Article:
A very articulate 16-year old is sitting in a corner booth at The Islander talking about her life. It’s the height of lunch hour and just about everyone in the busy dining room knows who she is, where she lives, who her parents are, who she is eating lunch with, and why.
What’s weird is that Justine Karen is totally O.K. with it.
Actually, she revels in it. “Shelter Island may have given me a false sense of security,” Justine said. “I’m very comfortable. But I’m about to graduate, so I’m on the cusp of being very uncomfortable for a decade or so.”
She’s in the middle of deciding where she will spend the first part of her decade of discomfort. Hunter College and Brooklyn College are both strong possibilities. But she’s also applied to schools in Ireland and Scotland, such as The University of St. Andrews, the University of Edinburgh, the University of Glasgow and University College Dublin, where she has already been accepted.
Her interest in going to school overseas is partly fueled by her desire to study humanities and partly by a desire to travel. “I have a little bit of an impulsive streak,” she said. Justine was born in Brooklyn in May 2001, and when 9/11 happened a few months later, her parents, Reed and Kyle Karen decided they were ready to leave the city.
One of their friends had a summer house on Shelter Island and when Justine was six months old and her brother Ray was three, the family moved here.
Justine’s dad was a cabinet-maker at the time and most of his clients were on the East End. These days he’s a Shelter Island Town Building Inspector and her mom Kyle is an occupational therapist specializing in pediatric therapy and an adjunct instructor at Stony Brook Southampton.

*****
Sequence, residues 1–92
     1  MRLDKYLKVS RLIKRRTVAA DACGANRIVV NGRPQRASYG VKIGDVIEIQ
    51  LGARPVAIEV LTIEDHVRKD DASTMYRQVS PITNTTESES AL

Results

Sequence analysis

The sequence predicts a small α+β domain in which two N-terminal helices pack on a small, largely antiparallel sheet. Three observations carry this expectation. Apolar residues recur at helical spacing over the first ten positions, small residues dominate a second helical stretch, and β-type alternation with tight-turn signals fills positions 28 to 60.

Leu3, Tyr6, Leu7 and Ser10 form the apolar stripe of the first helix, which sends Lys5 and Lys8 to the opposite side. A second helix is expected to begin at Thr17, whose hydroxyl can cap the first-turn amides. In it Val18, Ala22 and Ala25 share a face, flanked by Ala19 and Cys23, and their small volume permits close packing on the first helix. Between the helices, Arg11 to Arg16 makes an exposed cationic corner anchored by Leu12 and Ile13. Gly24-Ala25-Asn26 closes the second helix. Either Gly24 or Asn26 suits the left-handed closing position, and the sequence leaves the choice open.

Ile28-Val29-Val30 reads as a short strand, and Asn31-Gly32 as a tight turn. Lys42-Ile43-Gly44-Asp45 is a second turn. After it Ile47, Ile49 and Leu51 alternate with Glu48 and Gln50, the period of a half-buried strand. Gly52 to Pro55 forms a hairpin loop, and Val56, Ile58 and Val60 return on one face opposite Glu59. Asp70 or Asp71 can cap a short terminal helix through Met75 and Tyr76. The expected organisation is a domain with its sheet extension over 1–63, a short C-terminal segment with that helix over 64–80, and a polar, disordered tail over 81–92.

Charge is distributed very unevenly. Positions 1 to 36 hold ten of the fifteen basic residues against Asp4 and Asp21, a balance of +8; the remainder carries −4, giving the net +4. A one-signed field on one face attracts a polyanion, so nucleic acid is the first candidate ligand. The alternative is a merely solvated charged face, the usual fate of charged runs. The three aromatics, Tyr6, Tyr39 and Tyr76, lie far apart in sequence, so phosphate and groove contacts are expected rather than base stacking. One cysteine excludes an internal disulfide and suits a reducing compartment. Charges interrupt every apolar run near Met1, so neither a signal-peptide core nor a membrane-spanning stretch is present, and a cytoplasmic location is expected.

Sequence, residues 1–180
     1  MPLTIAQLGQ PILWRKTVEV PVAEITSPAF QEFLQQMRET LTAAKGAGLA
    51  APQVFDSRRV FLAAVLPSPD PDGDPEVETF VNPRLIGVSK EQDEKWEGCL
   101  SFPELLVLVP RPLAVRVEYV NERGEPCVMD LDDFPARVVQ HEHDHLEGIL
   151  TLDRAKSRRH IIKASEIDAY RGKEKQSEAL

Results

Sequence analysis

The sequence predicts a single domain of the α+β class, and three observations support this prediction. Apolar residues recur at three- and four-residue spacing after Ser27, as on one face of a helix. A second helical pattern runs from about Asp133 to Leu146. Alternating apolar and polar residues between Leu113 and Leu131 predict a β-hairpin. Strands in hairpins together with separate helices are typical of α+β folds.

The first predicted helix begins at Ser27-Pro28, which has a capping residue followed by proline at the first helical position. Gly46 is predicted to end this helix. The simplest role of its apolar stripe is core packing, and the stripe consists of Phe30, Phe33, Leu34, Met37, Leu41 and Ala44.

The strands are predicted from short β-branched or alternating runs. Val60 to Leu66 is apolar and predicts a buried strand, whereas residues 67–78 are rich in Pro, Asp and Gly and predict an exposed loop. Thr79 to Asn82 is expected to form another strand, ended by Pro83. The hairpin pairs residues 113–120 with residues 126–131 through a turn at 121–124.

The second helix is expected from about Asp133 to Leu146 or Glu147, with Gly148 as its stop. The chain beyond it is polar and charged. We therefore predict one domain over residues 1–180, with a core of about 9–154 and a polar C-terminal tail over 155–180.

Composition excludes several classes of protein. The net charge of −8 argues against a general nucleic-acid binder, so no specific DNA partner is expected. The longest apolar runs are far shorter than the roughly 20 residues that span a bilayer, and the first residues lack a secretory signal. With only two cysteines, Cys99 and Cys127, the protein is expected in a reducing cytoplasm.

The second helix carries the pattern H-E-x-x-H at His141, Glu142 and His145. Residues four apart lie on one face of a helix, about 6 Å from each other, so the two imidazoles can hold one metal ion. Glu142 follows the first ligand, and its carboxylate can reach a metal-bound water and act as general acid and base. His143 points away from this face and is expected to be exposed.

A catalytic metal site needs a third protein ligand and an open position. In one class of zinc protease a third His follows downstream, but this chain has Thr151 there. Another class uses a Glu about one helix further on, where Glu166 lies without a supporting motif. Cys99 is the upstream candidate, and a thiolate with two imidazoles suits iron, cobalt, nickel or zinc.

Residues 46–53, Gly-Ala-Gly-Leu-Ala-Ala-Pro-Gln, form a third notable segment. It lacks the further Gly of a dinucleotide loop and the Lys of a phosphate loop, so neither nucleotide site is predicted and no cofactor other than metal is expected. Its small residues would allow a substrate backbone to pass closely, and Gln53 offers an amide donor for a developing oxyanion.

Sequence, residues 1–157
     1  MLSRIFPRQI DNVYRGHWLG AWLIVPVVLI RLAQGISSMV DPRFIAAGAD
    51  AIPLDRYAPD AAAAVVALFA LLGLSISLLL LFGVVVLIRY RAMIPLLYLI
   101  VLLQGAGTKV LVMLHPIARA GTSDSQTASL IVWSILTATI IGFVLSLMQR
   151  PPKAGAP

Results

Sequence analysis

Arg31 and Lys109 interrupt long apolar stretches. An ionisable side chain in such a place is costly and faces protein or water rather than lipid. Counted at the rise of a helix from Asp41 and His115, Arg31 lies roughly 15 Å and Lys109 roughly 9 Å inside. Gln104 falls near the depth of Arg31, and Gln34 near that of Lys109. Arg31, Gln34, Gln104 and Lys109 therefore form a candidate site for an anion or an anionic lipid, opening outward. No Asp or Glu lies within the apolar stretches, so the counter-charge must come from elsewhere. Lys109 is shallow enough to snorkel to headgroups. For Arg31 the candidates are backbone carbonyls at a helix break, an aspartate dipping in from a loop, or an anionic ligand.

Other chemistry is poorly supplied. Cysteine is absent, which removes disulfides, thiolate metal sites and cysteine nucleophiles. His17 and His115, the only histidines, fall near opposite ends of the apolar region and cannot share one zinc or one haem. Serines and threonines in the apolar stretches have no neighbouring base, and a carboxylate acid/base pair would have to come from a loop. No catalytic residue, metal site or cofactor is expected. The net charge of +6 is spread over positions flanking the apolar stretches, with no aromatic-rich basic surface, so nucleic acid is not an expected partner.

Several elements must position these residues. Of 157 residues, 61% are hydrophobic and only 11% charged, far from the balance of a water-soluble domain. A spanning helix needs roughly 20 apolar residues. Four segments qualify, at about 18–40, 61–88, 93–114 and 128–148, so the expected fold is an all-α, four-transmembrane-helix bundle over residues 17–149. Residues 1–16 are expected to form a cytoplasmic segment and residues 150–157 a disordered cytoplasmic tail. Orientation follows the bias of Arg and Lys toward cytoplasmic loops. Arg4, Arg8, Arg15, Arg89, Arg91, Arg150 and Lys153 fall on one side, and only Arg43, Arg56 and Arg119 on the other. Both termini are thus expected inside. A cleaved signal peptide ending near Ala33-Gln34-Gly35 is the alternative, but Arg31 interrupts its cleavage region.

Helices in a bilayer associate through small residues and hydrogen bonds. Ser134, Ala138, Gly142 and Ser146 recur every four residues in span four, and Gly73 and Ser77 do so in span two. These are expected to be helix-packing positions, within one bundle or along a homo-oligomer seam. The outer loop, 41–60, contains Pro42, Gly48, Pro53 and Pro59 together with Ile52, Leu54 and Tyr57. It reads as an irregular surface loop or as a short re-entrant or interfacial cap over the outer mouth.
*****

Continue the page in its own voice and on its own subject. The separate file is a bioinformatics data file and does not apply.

When Justine was 12, she began making regular trips to New York City on her own, starting with a 7 a.m. Jitney from Greenport that dropped her off at 86th street on the East Side. From there, she made her way to the Metropolitan Museum of Art and spent the rest of the day sightseeing on the Upper East side.
She missed her return bus but was able to get another one as far as East Hampton, forcing her mom into an unscheduled trip to the South Fork to pick up her adventuring daughter. On a later trip, she figured out the subway system and visited the borough of her birth on the F train.
Justine describes herself as “a lopsided student — graduating a year early — terrible in math, but very strong and very interested in the humanities.” She credits her social studies teachers with helping her develop an interest in history and politics.
“When I think back about my experience here, I’m definitely going to be thinking about the social studies classroom, and Mr. Brennan and Mr. Miedema,” she said.
She’s also working with the Living History Project at the Shelter Island Historical Society, an oral history project that archives video interviews of graduating seniors.
She loves to read, loves history and is also interested in politics. Her senior thesis on the Watergate scandal makes the argument that Watergate ushered in an era of entertainment value in politics, where facts became less relevant and political appeal had more to do with who is the most entertaining person to watch.
Justine reconciles her love of reading with her love of socializing by feeling free to combine the two.
“Both proms I’ve attended, I’ve been sure that my purse is big enough for a book,” she said.